Studies that have analysed the relationship between strategic planningi and financial performance proved that the intensity with which firms engage in the strategic planningi process intervene-that is cause an indirectness and lack of one-to-one correspondence- between factors such as strategic planningi expertise and beliefs about planning performance relationships (managerial factors), environmental complexity and change(environmental factors), firm size and structural complexity (organizational factors) andfirm’s financial performance. As suggested by the inconsistent research findings, paststudies have lost focus on the relationship between strategic planning and financial
Thus, what seems to be a problem of semantics masks a fundamental question aboutthe inclusion or exclusion of goal definition from the strategic planning process.According to Berry (1997) Strategic planning is a tool for finding the best future for your organization and the best path to reach that destination. Quite often, an organization’sstrategic planners already know much of what will go into a strategic plan. However,development of the strategic plan greatly helps to clarify the organization’s plans andensure that key leaders are all on the same script but far more important than the strategic plan document is the strategic planning process itself. The strategic planning process begins with an assessment of the current economic situation. First, examining factorsoutside of the company that can affect the company's performance.In most cases, it makes sense to focus on the national, local or regional and industryeconomic forecasts. This part of the analysis should begin early, at least a quarter or so before the formal planning process begins. Hence, it’s been concluded that, strategic planning positively affects organizations’ performance, or more specifically, the amountof strategic planningi an organization conducts positively affects it’s financial performance. Since the case study used for this research study is a bank, there is a need tounderstand strategic planning and financial performance relationships in banks.The intensity with which managers engage in strategic planning depends on Managerial(e.g., strategic planning expertise and beliefs about planning-performance relationships),Environmental (e.g., complexity and change) and Organizational (e.g., size and structuralcomplexity) factors. The effects of these factors on strategic planning intensity have beensuggested by several studies (Kallman and Shapiro, 1990; Unni, 1990; Robinson andPearce, 1998; Robinson
4 performance in organizations. Misspecification of this relationship might be attributed to past studies’ lack of attention to the relationship among these managerial, environmental,organizational factors and their potential impact on planning intensity and performance(Hopkins and Hopkins, 1997).Subsequently, the consideration of such factors in the present study is viewed as asignificant issue that holds implications for future research as well as for planning practices.
1.2 Statement of Research Problem
Past and recent research studies have made it clear that there is an increased internal andexternal uncertainty due to emerging opportunities and threats, lack of the awareness of needs and of the facilities related issues and environment and lack of direction.Many organizations spend most of their time realizing and reacting to unexpectedchanges and problems instead of anticipating and preparing for them. This is called crisismanagement. Organizations caught off guard may spend a great deal of time and energy playing catch up. They use up their energy coping with immediate problems with littleenergy left to anticipate and prepare for the next challenges. This vicious cycle locksmany organizations into a reactive posture.This research study is to assess the impact of strategic planning on organizational performance, which at the long run enhances organizational survival.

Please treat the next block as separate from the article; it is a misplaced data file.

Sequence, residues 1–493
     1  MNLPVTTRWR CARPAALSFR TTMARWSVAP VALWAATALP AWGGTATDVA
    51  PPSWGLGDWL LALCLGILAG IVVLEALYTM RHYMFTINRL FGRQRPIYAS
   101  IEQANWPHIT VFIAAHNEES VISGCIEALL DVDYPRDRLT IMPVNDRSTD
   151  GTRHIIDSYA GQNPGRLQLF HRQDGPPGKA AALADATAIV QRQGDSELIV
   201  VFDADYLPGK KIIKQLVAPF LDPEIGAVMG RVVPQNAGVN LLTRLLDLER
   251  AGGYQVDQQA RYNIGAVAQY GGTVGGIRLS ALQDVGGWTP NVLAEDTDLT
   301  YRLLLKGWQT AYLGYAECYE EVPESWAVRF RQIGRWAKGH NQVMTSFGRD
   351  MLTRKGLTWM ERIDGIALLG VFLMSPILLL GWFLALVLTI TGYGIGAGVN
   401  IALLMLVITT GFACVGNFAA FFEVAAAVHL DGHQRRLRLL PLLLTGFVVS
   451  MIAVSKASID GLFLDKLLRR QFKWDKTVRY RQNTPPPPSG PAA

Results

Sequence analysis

1.3 Objectives of the study
The general Objective
The general objective of this research is to investigate the impact of strategic performance on organizational performance and survival.
To establish the need for strategic planning in the organization.ii.
To establish performance of firms that use strategic planning as compared to thosethat do not use.
To identify the challenges faced by the organization who practice strategic planning.iv.
To establish the significant factors essential for effective strategic planning practice and how they affect the overall organizational performance.
1.4 Research questions
The major research question was ‘what is the effect of strategic planning onorganizational performance and survival?i.
What is the need for strategic planning in an organization?ii.
What is the performance of firms that use strategic planning as opposed to thosethat do not use in the industry?iii.
What are the challenges faced by the firms which practise strategic planning?iv.
What factors are essential for effective strategic planning and how do they affectthe overall organizational performance?
1.5 Significance of the study
The findings of the study are expected to be of help to several groups of people:
a) To the researcher
The research will enable the researcher to achieve a Diploma in Business Management. Itis a requirement for partial fulfillment of Diploma in Business management.The researcher will be able to understand how strategic planning can impact onorganizational performance and survival.
b) To participating companies
If the findings of the study can be considered by the management of participatingcompanies, it will act as a resource material to refer to when formulating strategic plans.As a result of these findings they can learn and improve in areas where weaknesses wererevealed.